Climate warming and nitrogen (N) deposition change ecosystem processes, structure, and functioning whereas the phosphorus (P) composition and availability directly influence the ecosystem structure under condi-tions of N deposition. In our study, four treatments were designed, including a control, diurnal warming (DW), N deposition (ND), and combined warming and N deposition (WN). The effects of DW, ND, and WN on P composition were studied by 31P nuclear magnetic resonance (31P NMR) spectroscopy in a temperate grassland region of China. The results showed that the N deposition decreased the soil pH and total N (TN) concentration but increased the soil Olsen-P concentration. The solution-state 31P NMR analysis showed that the DW, ND and WN treatments slightly decreased the proportion of orthophosphate and increased that of the monoesters. An absence of myo-inositol phosphate in the DW, ND and WN treatments was observed compared with the control. Furthermore, the DW, ND and WN treatments significantly decreased the recovery of soil P in the NaOH–EDTA solution by 17%–20%. The principal component analysis found that the soil pH was positively correlated with the P recovery in the NaOH–EDTA solution. Therefore, the decreased soil P recovery in the DW and ND treatments might be caused by an indirect influence on the soil pH. Additionally, the soil moisture content was the key factor limiting the available P. The positive correlation of total carbon (TC) and TN with the soil P composition indicated the influence of climate warming and N deposition on the biological processes in the soil P cycling.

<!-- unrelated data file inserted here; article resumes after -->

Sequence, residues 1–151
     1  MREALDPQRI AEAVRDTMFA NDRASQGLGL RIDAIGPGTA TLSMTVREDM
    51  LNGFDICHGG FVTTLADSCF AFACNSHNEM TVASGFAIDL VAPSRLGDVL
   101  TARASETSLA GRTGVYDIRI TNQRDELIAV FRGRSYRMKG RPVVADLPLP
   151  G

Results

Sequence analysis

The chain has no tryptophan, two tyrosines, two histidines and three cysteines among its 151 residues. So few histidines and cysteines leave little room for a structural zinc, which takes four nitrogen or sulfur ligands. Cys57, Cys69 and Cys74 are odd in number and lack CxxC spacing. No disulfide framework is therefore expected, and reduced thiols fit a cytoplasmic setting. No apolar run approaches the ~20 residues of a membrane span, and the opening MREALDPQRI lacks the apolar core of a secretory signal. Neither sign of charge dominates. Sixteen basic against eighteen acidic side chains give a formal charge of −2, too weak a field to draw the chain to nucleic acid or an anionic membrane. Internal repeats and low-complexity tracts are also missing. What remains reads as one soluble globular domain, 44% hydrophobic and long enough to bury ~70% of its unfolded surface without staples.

Saline soil enzyme activities of four plant communities in Sangong River basin of Xinjiang, China
ZhengJun GUAN, Qian LUO, Xi CHEN, XianWei FENG, ZhiXi TANG, Wei WEI, YuanRun ZHENG
Journal of Arid Land. 2014, 6 (2): 164-173.   DOI: 10.1007/s40333-013-0223-6
Abstract ( 1935 )     PDF (578KB) ( 1658 )